We all know that many companies have a hard time getting their branding right. They rebrand again and again, but their message never seems to hit home with customers. It seems helpless.
After working with hundreds of companies in this exact situation, it’s clear to me that it isn’t helpless. They’re just making one fatal mistake:
These companies are focusing on the output of branding before adequately understanding their customers.
Many companies see branding as writing the perfect copy and/or choosing the perfect color scheme. This isn’t always the case. Good branding, however, is the result of really understanding your customers.
This in itself can be a challenge. There are thousands of ways you can understand your customers, and many companies find the starting point paralyzing.
In my experience helping companies understand their customers, there are three core questions that really get to the root of brand and customer interaction. If you can answer these three questions, you’ll be in a much better place to start your branding process.
1. What does your brand say about your customers?
The first question for brands to answer is what it says about a person that he or she uses this brand. What does it communicate both to the outside world and to the customer him or herself?
This is important because, at its core, this is what a brand is. It’s a statement about the customer, and it’s crucial that, as a business, you know what that statement is.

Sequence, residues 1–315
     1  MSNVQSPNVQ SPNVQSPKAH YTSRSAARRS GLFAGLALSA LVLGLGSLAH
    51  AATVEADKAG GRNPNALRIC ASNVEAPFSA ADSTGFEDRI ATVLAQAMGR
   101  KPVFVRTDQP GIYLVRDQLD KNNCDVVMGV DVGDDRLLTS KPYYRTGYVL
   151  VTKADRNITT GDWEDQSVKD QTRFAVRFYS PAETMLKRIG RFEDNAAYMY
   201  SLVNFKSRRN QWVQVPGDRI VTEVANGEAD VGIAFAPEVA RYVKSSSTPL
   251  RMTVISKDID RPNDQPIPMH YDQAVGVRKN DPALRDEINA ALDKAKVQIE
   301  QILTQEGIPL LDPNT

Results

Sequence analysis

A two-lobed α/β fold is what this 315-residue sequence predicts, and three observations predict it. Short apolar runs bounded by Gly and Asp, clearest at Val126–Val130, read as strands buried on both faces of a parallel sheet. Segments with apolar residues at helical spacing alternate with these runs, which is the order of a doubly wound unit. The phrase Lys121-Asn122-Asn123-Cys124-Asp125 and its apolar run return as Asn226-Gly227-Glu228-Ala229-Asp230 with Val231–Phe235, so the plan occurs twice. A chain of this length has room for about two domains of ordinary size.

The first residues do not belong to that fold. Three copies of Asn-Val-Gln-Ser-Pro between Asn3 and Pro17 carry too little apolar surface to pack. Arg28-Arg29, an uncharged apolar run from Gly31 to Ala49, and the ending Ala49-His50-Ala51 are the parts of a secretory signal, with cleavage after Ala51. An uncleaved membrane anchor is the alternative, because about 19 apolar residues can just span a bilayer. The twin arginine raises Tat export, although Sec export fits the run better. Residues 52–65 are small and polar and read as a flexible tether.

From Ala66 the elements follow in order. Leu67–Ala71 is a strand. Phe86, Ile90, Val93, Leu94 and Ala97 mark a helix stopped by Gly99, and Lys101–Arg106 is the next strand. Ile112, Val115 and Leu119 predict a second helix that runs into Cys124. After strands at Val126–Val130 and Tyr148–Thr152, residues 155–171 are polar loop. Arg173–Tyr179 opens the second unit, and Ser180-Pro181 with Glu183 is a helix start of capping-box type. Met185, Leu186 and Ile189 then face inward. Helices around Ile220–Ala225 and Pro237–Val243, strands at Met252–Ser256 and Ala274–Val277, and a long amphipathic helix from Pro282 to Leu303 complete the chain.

Answering this question requires you to really get inside your customers’ heads and understand what they want to achieve in their lives, how they measure their success in achieving those goals, what they care most deeply about, and ultimately, how the brand must deliver.
2. What is the singular thing your brand delivers that customers can’t get anywhere else?
The second question to understand is what the singular thing is that a person using this brand gets from it that they can’t get from any other brand.
In other words, what makes your brand singular and indispensable. What you’ll find, as you dig into this question, is that most of the answers aren’t tangible. It’s unlikely that your product has a feature that no competitors can provide. Instead, what commonly comes up are intangible benefits, like the ways the company makes them feel or the story it tells them about themselves.
3. How do you make your customer a hero in the story of his or her own life?
The third question requires an understanding of how your brand makes the customer a hero in his or her own life story.
Everybody wants to be the hero in his or her own story. Brands employ different strategies to achieve this goal, but no matter the strategy, finding an answer to this question can result in loyal customers for life.
With this newfound understanding of who your customers are and how they want to interact with your brand, you’ll be on the path to defining a powerful brand strategy.
What strategies might work best for your customers and market?